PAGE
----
Bank of Canada maintains overnight rate target at 1 ¾ percent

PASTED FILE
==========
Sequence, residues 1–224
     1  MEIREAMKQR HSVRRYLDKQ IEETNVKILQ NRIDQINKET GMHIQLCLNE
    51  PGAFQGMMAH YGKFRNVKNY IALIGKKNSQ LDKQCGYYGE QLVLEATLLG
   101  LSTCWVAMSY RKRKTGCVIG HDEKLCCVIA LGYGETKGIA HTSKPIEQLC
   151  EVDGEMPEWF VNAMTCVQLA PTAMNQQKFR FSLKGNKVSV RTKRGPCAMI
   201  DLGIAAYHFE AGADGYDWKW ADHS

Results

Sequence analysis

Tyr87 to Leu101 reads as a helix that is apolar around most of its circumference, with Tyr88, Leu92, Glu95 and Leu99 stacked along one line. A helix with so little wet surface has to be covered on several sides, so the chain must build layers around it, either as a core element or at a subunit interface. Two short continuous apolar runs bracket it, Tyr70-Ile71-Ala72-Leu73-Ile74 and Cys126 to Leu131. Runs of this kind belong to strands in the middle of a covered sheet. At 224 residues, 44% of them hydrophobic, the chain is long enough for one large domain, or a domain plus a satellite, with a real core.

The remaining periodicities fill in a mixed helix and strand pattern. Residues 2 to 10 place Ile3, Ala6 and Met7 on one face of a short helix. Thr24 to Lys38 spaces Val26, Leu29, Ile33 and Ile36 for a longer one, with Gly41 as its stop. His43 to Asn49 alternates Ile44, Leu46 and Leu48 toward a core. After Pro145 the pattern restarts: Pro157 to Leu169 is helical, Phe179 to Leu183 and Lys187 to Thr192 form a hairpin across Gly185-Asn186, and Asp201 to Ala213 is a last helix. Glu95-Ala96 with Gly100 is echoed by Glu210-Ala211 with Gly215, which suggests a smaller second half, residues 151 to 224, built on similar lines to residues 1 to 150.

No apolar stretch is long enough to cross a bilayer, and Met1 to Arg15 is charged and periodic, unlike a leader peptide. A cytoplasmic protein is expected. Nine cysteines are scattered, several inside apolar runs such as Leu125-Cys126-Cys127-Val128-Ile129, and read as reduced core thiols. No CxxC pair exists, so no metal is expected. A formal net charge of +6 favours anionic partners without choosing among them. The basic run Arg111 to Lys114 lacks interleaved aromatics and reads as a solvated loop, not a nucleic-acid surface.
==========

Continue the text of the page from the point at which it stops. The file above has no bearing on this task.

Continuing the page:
The Bank of Canada today maintained its target for the overnight rate at 1 percent. The Bank Rate is correspondingly 2 percent and the deposit rate is 1 percent. The Banks October projection for global economic growth appears to be intact. There is nascent evidence that the global economy is stabilizing, with growth still expected to edge higher over the next couple of years. Financial markets have been supported by central bank actions and waning recession concerns, while being buffeted by news on the trade front. Indeed, ongoing trade conflicts and related uncertainty are still weighing on global economic activity, and remain the biggest source of risk to the outlook. In this context, commodity prices and the Canadian dollar have remained relatively stable. Growth in Canada slowed in the third quarter of 2019 to 1.3 percent, as expected. Consumer spending expanded moderately, underpinned by stronger wage growth. Housing investment was also a source of strength, supported by population growth and low mortgage rates. The Bank continues to monitor the evolution of financial vulnerabilities related to the household sector. As expected, exports contracted, driven by non-energy commodities. However, investment spending unexpectedly showed strong growth, notably in transportation equipment and engineering projects. The Bank will be assessing the extent to which this points to renewed momentum in investment. CPI inflation in Canada remains at target, and measures of core inflation are around 2 percent, consistent with an economy operating near capacity. Inflation will increase temporarily in the coming months due to year-over-year movements in gasoline prices. The Bank continues to expect inflation to track close to the 2 percent target over the next two years. Based on developments since October, Governing Council judges it appropriate to maintain the current level of the overnight rate target. Future interest rate decisions will be guided by the Banks continuing assessment of the adverse impact of trade conflicts against the sources of resilience in the Canadian economy notably consumer spending and housing activity. Fiscal policy developments will also figure into the Banks updated outlook in January.